Several colleges in New England now cost $70,000 — or more
It’s well known that attending a private university in the Northeast is expensive. But the price tag has now risen above $70,000 at some schools.
Trinity College, a small liberal arts school in Hartford, Conn., recently decided to raise the cost for undergraduate tuition, fees, and room and board by 3.9 percent for the 2018-2019 academic year — hiking the total cost from $68,970 to $71,660, according to school officials.
“None of us takes this decision lightly, and we understand the contexts in which we and other institutions are asking families to pay such steep costs,” Trinity College president Joanne Berger-Sweeney wrote in a letter to the community last week. “But we must do more.”
Although Trinity is among the first colleges to announce rates for next year, it isn’t the only elite New England school where students can expect to pay more than $70,000 annually.
For the 2017-2018 academic year, Tufts University charges $68,372 for tuition, room, board, and fees; with additional estimated expenses like health insurance and books, that number increases to $70,600. Dartmouth College in Hanover, N.H., has a baseline price tag of $68,109 — a number that grows to $71,409 ($71,827 for freshmen) once books and miscellaneous expenses are taken into account. Meanwhile, Amherst College in Amherst, Mass., costs $68,500 for tuition, fees, room, and board, although the school estimates on its website that students can pay up to a whopping $75,700 with additional expenses. Harvard College also charges $65,609, a number that can rise up to $73,600 with other costs, and Boston University charges $67,352 to attend — but after adding in books, supplies, personal expenses, and transportation, that estimated cost rises to $70,302.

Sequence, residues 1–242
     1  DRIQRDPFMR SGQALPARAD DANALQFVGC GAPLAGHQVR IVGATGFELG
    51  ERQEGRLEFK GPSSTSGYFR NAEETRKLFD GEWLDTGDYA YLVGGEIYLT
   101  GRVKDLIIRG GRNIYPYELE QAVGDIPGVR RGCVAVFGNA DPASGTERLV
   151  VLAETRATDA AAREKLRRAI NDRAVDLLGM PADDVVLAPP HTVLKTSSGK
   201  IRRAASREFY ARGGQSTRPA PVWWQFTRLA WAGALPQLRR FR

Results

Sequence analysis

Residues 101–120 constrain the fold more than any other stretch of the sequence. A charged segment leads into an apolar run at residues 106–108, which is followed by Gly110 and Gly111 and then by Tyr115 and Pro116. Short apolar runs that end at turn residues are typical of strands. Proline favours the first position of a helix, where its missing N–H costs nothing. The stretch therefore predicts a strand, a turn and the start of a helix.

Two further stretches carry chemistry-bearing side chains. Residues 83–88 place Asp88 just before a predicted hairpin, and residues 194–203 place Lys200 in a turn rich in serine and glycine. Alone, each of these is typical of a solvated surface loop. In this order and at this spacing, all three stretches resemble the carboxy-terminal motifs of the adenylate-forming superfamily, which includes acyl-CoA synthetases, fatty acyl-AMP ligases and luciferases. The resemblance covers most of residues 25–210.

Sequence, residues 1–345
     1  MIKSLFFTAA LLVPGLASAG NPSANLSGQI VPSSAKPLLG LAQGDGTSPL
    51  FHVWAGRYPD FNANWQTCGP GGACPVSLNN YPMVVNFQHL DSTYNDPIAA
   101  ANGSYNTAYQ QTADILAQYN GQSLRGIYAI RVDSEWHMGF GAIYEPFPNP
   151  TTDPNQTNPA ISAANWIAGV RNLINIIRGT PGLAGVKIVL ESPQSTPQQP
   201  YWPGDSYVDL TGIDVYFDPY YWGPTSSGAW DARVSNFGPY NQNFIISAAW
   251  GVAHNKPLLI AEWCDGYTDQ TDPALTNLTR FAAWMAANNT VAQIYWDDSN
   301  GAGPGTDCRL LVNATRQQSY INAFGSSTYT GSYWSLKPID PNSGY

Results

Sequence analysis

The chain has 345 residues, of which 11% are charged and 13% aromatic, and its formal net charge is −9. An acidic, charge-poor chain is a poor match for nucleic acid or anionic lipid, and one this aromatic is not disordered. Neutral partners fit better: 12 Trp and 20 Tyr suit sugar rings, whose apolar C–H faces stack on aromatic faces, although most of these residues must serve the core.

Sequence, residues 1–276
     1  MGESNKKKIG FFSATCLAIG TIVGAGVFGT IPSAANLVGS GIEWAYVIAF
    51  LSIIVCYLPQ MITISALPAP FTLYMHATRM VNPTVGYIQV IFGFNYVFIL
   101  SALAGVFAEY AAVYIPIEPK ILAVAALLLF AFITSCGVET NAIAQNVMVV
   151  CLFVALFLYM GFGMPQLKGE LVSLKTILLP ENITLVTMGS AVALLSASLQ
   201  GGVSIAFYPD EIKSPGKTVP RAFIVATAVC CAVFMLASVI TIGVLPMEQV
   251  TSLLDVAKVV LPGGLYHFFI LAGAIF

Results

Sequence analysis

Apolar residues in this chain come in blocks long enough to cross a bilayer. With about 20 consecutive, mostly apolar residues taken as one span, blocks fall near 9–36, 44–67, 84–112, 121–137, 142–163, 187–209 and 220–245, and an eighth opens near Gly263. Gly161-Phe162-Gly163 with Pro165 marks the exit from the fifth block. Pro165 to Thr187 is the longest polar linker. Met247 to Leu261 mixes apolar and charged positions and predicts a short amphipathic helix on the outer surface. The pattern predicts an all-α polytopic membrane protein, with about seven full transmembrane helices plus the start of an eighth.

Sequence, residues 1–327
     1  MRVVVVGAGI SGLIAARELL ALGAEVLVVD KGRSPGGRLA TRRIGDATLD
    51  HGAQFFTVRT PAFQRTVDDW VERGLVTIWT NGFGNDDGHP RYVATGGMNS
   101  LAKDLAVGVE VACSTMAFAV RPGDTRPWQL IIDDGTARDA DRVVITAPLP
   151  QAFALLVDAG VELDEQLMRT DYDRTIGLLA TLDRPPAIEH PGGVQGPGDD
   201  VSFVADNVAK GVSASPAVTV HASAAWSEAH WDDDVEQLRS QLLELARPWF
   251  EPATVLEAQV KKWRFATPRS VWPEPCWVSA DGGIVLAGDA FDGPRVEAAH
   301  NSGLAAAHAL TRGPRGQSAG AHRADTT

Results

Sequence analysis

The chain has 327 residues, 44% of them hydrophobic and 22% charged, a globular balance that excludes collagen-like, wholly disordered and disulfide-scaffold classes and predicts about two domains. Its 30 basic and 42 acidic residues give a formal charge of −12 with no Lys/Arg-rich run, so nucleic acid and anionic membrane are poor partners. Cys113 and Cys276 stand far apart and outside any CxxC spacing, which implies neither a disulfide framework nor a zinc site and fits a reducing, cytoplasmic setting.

For perspective: The cost for tuition, fees, room, and board for an on-campus freshman at the University of Massachusetts in Amherst is $28,926 for Massachusetts residents, while the University of Connecticut costs $28,605 for in-state students.
But before you keel over, take solace in the fact that these figures don’t account for financial aid, which most often takes the form of either grants or loans. About two-thirds of full-time students use financial aid to pay for college, according to The College Board, so the majority of students don’t actually pay the sticker price for their education.
Correction: This story has been updated to more accurately compare the costs of several schools listed.